Tense policy layering and synthetic policy paradigms: the politics of health insurance in Australia

    Research output: Contribution to journalArticle

    Abstract

    This paper analyses the substantial financial subsidy, alongside other regulatory changes, introduced to support private health insurance in Australia at the end of the 1990s. The concept of policy layering is developed and refined theoretically in terms of changes in policy paradigms in order to chart a lengthy period of tense layering in Australian health-care politics between private and public health insurance and the bipartisan convergence on a universalism plus choice policy paradigm during the 1990s. This is the key dynamic underlying the Coalition's support of private health insurance after 1996 rather than a neo-liberal ambition to dismantle the health-care state and return to a predominately privately financed health-care system with a residual, public safety net.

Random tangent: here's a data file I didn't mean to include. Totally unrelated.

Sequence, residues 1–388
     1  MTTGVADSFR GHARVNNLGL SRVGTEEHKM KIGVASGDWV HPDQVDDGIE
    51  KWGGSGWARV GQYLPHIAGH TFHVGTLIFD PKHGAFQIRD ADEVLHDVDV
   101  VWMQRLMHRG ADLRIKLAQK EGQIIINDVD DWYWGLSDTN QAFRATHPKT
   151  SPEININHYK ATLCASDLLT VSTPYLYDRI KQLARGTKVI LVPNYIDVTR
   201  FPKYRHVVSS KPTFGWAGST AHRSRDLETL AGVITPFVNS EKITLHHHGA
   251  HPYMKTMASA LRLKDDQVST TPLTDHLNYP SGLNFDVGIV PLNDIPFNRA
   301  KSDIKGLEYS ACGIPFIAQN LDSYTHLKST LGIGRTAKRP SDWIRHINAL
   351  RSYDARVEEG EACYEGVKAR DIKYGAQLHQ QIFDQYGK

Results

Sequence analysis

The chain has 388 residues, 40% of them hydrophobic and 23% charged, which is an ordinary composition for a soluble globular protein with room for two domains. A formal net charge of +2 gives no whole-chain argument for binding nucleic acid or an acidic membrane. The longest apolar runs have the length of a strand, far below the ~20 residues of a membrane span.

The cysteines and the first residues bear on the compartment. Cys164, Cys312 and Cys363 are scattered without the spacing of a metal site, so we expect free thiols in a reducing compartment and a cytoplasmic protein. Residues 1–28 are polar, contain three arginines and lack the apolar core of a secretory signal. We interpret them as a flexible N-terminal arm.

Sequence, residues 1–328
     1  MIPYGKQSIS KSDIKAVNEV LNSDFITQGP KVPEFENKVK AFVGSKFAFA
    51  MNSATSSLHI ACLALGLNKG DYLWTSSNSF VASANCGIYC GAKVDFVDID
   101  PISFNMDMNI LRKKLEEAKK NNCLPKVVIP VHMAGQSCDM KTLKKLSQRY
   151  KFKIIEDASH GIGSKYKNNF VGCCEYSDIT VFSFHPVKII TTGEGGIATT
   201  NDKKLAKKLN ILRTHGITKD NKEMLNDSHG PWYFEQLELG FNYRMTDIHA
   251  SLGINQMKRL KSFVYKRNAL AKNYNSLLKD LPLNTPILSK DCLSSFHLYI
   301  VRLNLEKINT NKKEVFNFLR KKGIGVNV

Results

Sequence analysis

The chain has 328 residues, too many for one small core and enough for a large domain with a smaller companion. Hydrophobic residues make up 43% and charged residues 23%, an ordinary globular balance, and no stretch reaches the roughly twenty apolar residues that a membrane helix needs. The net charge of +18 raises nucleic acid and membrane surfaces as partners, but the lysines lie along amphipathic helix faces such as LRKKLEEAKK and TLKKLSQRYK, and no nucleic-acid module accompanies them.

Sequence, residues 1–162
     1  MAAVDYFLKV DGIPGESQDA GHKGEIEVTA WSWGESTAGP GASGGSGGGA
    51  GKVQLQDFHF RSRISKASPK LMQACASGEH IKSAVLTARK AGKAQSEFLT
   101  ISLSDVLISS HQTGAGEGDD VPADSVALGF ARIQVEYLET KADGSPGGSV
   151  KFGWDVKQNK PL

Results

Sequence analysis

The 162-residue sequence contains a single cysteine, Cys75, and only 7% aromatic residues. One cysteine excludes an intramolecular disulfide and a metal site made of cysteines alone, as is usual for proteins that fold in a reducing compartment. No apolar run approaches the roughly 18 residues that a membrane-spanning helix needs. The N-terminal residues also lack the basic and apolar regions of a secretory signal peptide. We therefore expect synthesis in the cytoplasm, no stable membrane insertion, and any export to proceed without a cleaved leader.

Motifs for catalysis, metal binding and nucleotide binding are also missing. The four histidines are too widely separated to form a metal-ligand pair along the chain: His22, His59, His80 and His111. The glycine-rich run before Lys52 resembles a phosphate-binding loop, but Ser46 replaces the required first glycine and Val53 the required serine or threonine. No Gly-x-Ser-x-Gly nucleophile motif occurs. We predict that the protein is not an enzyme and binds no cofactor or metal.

Original languageEnglish
    Pages (from-to)579-591
    JournalAustralian Journal of Political Science
    Volume42
    Issue number4
    DOIs
    Publication statusPublished - 2007

    Fingerprint Dive into the research topics of 'Tense policy layering and synthetic policy paradigms: the politics of health insurance in Australia'. Together they form a unique fingerprint.

    Cite this